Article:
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No Other Way to See It: Bush’s Bounce Is Real, And Kerry Is to Blame

Last week, after more than a month of avoiding the media, Sen. John Kerry (D-Mass.) sat down with Time magazine’s Karen Tumulty and announced, “I don’t know what you’re talking about in terms of the Bush bounce.” We haven’t seen this kind of denial from a presidential candidate since Gerald Ford “freed” Poland in a 1976 presidential debate. [IMGCAP(1)]

Maybe Kerry was still waiting for his bounce, or maybe he actually believed his own handlers, who had argued prior to the Republican convention that a Bush bounce wasn’t likely because the country was too polarized to have any swing voters left.

But the Bush campaign did the strategically smart thing: to be first to engage swing voters using one of the most high-profile avenues available to them, the convention. After being told by Democratic spinners and many media pundits that the prime-time speakers did not represent the “true” Republican Party, Americans saw something quite different. They saw a unified convention enthusiastically cheering the speeches of Rudy Giuliani, Sen. John McCain (R-Ariz.) and Arnold Schwarzenegger. These speakers, along with President Bush, delivered a message to the middle that has changed the dynamic of the election and left the Kerry campaign floundering amid major personnel and strategy changes.

So, where are we, now that both conventions are history? What we have seen is a significant shift in the electorate. For months, voters moved very little. But the past two weeks have shown that, contrary to popular belief, many voters are indeed in play. And a large portion of them “swung” to Bush after his convention.

Let’s go to the numbers. First, using registered voters instead of likely voters — which I believe gives a more accurate picture — the change in favor of Bush ranges from plus-15 in a Time Magazine poll to plus-4 in the AP/IPSOS poll.

But more than just the ballot test is changing. This shift is structural. For example, the most recent job approval numbers show Bush has come back to 50 percent or higher in almost all major surveys.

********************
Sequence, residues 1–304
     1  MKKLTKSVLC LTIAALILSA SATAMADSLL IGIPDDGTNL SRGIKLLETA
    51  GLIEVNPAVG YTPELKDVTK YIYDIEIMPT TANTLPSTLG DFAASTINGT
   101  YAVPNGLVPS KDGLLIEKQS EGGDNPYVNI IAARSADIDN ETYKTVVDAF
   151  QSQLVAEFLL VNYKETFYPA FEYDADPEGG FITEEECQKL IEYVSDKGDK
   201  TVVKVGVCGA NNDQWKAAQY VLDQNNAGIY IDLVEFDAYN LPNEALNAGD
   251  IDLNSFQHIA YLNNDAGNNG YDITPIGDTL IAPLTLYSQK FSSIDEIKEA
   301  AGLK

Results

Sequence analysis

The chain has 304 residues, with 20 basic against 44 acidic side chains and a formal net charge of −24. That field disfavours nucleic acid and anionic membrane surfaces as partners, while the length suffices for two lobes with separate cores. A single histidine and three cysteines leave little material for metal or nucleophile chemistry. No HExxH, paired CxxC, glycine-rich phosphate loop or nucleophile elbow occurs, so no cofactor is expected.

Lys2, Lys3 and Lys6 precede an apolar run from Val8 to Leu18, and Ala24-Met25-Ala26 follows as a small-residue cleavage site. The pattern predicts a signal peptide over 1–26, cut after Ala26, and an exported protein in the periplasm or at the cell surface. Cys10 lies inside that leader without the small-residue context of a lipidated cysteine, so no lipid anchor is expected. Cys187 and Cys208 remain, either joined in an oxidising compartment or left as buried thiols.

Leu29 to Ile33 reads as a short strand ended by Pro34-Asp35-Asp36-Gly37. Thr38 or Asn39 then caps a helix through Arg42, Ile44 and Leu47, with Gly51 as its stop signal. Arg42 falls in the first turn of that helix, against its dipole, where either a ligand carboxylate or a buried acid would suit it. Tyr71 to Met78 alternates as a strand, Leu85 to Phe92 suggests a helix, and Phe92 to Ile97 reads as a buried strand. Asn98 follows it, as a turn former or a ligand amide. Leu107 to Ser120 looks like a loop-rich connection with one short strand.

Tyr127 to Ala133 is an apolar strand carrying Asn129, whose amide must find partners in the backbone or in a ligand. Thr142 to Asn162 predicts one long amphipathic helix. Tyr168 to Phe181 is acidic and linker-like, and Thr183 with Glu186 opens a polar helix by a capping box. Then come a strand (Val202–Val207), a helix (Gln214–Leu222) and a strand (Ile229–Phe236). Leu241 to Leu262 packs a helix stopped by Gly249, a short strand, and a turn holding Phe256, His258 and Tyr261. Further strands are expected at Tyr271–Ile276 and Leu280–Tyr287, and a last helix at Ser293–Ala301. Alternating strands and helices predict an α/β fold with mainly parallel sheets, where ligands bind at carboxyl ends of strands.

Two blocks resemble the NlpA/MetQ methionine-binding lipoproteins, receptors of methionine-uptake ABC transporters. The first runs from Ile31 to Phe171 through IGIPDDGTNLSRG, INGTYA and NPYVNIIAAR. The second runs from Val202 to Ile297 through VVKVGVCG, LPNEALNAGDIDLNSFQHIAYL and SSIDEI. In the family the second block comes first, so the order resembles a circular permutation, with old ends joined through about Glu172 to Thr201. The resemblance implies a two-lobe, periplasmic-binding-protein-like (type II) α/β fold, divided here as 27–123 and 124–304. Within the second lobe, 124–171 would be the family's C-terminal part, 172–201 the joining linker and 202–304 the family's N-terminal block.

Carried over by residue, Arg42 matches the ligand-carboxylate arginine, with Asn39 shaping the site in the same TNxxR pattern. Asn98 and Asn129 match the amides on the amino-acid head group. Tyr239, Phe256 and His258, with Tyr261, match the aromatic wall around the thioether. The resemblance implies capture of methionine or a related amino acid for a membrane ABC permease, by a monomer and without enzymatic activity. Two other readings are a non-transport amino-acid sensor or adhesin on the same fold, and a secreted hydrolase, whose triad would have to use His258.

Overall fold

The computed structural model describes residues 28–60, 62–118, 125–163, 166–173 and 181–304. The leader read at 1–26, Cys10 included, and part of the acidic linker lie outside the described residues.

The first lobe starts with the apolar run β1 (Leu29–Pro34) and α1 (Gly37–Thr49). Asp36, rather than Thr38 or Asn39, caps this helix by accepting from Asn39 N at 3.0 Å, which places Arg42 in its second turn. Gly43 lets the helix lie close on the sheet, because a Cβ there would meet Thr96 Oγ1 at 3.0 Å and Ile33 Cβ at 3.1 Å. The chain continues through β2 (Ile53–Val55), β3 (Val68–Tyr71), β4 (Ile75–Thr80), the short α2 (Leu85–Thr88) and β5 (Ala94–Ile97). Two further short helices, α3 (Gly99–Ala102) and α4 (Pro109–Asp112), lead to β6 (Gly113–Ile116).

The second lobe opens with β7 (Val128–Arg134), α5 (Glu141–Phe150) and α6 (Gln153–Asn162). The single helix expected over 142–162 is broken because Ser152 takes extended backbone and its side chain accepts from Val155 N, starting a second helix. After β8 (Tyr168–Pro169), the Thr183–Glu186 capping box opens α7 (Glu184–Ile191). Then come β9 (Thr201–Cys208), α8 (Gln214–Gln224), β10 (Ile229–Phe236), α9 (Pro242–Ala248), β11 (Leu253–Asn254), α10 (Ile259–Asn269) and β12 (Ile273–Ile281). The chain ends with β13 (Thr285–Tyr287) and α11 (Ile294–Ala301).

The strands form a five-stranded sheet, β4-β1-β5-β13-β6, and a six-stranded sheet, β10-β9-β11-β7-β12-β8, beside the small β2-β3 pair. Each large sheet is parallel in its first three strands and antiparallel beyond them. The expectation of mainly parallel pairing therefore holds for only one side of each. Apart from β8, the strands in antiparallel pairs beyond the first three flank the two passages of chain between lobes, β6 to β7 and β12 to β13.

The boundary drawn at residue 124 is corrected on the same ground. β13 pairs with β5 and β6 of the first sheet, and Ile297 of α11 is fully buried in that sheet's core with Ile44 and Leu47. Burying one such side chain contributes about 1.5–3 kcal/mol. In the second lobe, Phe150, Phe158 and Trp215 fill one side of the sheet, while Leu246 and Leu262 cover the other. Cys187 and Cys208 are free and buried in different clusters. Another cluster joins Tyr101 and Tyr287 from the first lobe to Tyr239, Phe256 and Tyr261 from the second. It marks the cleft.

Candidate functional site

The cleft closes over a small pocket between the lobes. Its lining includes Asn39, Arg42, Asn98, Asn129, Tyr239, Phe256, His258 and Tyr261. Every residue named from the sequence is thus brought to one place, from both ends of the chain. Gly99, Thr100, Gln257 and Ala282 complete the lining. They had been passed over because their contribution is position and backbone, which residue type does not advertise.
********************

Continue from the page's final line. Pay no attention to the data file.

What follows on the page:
Perhaps the most troubling numbers for the Kerry campaign, however, are the favorable-unfavorable numbers for the candidates. Here Bush has taken a significant lead in most polls. Even more troubling for the Democrats, Kerry’s image has become either neutral or negative in several of these polls.

With numbers like these, it’s no wonder that Kerry seems to be having a small problem with reality.

So what did the conventions mean?

1.) First, we now know there is a Big Middle.

Democrats believed that because they didn’t receive a bounce from their convention, the Republicans wouldn’t either — that is, that the electorate is so polarized that neither side has room for movement. Strategically, that translated into everything being about turning out the base.

However, Bush’s bounce after the Republican convention shows that people are still making up their minds, and that both candidates have to compete for the middle vote. William Safire wrote in The New York Times that the movement in polls since the GOP convention “means the old ‘swing vote’ still swings, and the battle for voters is in the political center.”

2.) The Democratic convention was a missed opportunity for Kerry.

The best opportunity Kerry had to speak to swing voters — his convention — has now been squandered. He spent his convention introducing himself, predominantly outlining his Vietnam service rather than laying out an agenda or spending much time speaking to the issues that swing voters are concerned about. Granted, he can still address these issues in the debates, but he failed to use his best bully pulpit to his advantage. By the time the debates roll around in a few weeks, it may be too little, too late.

3.) The Bush bounce has changed the dynamics of the race — from a state-by-state focus to a national focus.

If Bush maintains a lead of five points or more, the size of this lead means that Kerry will have to move demographic groups at a national level instead of incremental moves in targeted states. Even the most marginal popular-vote advantage can translate into major payoffs in the electoral college.

• In 1988, George H.W. Bush beat Michael Dukakis by 7 points, 53-46, but he received 426 electoral votes compared to Dukakis’ 111.

• In 1992, Bill Clinton won by only a margin of 6 points, 43-37, but he won 370 electoral votes in contrast to 168 for Bush.

If the present lead holds, the Kerry camp will need to rethink their campaign strategy — fast.

David Winston is president of The Winston Group, a Republican polling firm.